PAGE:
[openstack-dev] [Nova] Does Nova really need an SQL database?

Stephen Gran stephen.gran at theguardian.com
Thu Nov 21 16:52:09 UTC 2013

On 21/11/13 15:49, Chris Friesen wrote:
> On 11/21/2013 02:58 AM, Soren Hansen wrote:
>> 2013/11/20 Chris Friesen <chris.friesen at windriver.com>:
>>> What about a hybrid solution?
>>> There is data that is only used by the scheduler--for performance
>>> reasons
>>> maybe it would make sense to store that information in RAM as
>>> described at
>>> https://blueprints.launchpad.net/nova/+spec/no-db-scheduler
>>> For the rest of the data, perhaps it could be persisted using some
>>> alternate
>>> backend.
>> What would that solve?
> The scheduler has performance issues. Currently the design is
> suboptimal--the compute nodes write resource information to the
> database, then the scheduler pulls a bunch of data out of the database,
> copies it over into python, and analyzes it in python to do the filtering.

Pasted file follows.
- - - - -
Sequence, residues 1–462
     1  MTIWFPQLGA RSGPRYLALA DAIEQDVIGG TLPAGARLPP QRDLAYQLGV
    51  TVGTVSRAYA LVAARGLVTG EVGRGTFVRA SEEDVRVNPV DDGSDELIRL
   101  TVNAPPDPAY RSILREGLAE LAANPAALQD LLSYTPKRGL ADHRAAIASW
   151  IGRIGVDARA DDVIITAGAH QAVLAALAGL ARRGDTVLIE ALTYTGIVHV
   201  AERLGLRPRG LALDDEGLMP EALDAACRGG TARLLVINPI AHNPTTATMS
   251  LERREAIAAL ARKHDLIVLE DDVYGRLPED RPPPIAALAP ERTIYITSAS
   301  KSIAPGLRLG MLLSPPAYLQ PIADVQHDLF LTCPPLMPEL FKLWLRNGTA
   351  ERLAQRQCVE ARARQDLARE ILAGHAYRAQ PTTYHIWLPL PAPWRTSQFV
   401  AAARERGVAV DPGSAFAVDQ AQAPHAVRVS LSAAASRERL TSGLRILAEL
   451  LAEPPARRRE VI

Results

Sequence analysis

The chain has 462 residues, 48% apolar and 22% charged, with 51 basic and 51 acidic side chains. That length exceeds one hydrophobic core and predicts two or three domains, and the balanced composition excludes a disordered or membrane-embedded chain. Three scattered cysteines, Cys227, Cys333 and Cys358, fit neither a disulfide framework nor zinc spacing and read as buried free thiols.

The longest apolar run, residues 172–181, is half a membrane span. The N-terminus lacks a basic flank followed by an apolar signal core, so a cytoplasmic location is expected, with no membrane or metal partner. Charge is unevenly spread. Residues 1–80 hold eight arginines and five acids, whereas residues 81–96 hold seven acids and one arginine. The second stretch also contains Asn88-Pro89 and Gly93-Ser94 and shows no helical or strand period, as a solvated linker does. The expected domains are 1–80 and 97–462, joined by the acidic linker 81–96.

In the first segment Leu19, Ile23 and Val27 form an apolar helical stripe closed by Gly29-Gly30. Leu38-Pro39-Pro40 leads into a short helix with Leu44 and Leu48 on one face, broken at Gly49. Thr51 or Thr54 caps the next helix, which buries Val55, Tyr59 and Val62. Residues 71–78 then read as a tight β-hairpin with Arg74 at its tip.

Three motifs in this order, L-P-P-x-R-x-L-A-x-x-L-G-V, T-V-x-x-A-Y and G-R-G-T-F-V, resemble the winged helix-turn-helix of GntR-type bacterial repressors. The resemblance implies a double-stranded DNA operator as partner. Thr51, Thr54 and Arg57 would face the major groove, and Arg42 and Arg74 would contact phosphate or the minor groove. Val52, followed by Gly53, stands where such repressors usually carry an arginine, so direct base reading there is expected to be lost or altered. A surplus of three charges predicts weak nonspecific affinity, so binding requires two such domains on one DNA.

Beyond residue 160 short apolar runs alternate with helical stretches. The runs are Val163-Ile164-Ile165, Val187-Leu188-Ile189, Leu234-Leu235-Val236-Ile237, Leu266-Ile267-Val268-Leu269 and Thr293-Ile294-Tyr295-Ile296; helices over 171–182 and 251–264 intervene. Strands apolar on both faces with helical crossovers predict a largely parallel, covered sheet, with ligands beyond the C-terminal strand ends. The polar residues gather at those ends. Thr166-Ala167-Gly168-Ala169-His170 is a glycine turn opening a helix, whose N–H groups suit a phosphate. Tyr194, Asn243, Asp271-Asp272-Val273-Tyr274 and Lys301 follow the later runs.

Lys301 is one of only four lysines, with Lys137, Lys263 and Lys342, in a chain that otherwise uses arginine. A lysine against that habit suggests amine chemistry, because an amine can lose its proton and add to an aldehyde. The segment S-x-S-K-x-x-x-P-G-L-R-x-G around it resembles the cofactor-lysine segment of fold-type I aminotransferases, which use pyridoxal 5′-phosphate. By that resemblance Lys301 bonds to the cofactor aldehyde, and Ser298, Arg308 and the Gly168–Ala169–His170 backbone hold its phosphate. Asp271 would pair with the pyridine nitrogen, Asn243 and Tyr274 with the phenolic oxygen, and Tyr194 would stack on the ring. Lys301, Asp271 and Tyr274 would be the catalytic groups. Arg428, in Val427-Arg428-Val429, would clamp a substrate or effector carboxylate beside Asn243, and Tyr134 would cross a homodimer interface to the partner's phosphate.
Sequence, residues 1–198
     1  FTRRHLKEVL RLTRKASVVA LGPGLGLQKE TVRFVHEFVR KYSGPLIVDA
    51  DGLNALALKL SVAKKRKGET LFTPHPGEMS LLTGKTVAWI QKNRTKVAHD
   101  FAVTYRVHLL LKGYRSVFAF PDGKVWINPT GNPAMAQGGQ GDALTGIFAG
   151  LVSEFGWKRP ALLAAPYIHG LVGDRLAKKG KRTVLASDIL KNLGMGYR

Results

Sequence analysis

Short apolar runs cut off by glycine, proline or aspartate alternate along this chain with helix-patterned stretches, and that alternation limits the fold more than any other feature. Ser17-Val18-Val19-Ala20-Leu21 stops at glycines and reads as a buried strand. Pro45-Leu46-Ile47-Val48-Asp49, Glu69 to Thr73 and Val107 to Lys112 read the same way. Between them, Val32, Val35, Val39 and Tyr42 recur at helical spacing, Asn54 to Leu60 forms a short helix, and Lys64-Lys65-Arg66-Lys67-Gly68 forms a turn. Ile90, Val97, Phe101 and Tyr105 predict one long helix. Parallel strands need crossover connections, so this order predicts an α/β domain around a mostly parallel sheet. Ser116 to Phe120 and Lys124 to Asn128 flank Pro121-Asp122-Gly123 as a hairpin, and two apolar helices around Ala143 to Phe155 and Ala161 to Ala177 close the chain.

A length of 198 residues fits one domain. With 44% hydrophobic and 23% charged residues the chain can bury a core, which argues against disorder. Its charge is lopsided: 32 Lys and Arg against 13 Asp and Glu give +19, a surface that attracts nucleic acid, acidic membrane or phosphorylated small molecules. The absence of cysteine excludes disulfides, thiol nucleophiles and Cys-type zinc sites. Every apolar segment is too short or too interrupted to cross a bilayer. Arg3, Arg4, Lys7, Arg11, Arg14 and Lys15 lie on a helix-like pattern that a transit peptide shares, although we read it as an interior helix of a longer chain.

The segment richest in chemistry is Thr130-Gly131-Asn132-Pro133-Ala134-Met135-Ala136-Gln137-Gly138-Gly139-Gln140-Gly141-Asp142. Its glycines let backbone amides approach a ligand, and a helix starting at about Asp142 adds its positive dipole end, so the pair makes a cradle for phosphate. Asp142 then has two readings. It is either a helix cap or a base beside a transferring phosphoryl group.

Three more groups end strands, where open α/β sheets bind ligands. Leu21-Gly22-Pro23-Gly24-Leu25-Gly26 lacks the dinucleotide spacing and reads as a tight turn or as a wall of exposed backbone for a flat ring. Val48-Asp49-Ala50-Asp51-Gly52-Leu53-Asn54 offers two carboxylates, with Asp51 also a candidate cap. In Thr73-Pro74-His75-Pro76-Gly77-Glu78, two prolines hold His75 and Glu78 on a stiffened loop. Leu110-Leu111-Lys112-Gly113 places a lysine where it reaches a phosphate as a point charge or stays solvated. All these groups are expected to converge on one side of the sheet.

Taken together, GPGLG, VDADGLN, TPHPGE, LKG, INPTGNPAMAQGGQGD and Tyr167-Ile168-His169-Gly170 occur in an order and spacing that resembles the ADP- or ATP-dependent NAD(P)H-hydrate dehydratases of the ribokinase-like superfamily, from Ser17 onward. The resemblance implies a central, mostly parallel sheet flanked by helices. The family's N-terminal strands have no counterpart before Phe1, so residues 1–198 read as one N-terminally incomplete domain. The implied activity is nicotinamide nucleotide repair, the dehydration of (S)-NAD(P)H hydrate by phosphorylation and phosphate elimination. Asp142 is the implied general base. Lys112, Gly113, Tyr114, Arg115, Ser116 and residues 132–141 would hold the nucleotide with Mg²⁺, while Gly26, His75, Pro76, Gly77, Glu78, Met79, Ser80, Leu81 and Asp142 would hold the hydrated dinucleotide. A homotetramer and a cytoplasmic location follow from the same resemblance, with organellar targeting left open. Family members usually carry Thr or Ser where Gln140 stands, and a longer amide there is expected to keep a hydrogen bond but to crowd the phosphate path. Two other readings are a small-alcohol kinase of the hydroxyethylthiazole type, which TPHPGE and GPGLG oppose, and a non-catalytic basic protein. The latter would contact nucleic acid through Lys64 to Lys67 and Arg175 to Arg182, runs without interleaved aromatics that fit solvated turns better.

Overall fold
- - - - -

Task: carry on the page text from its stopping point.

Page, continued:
> For large clusters this can lead to significant time spent scheduling.
> Based on the above, for performance reasons it would be beneficial for
> the scheduler to have the necessary data already available in python
> rather than needing to pull it out of the database.
> For other uses of the database people are proposing alternatives to SQL
> in order to get reliability. I don't have any experience with that so I
> have no opinion on it. But as long as the data is sitting on-disk (or
> even in a database process instead of in the scheduler process) it's
> going to slow down the scheduler.
> If the primary consumer of a give piece of data (free ram, free cpu,
> free disk, etc) is the scheduler, then I think it makes sense for the
> compute nodes to report it directly to the scheduler.

I suspect that a large performance gain could be had by 2 fairly simple 

a) Break the scheduler in two, so that the chunk of code receiving 
updates from the compute nodes can't block the chunk of code scheduling 

b) Use a memcache backend instead of SQL for compute resource information.

My fear with keeping data local to a scheduler instance is that local 
state destroys scalability.

Just a thought.

Stephen Gran
Senior Systems Integrator - theguardian.com
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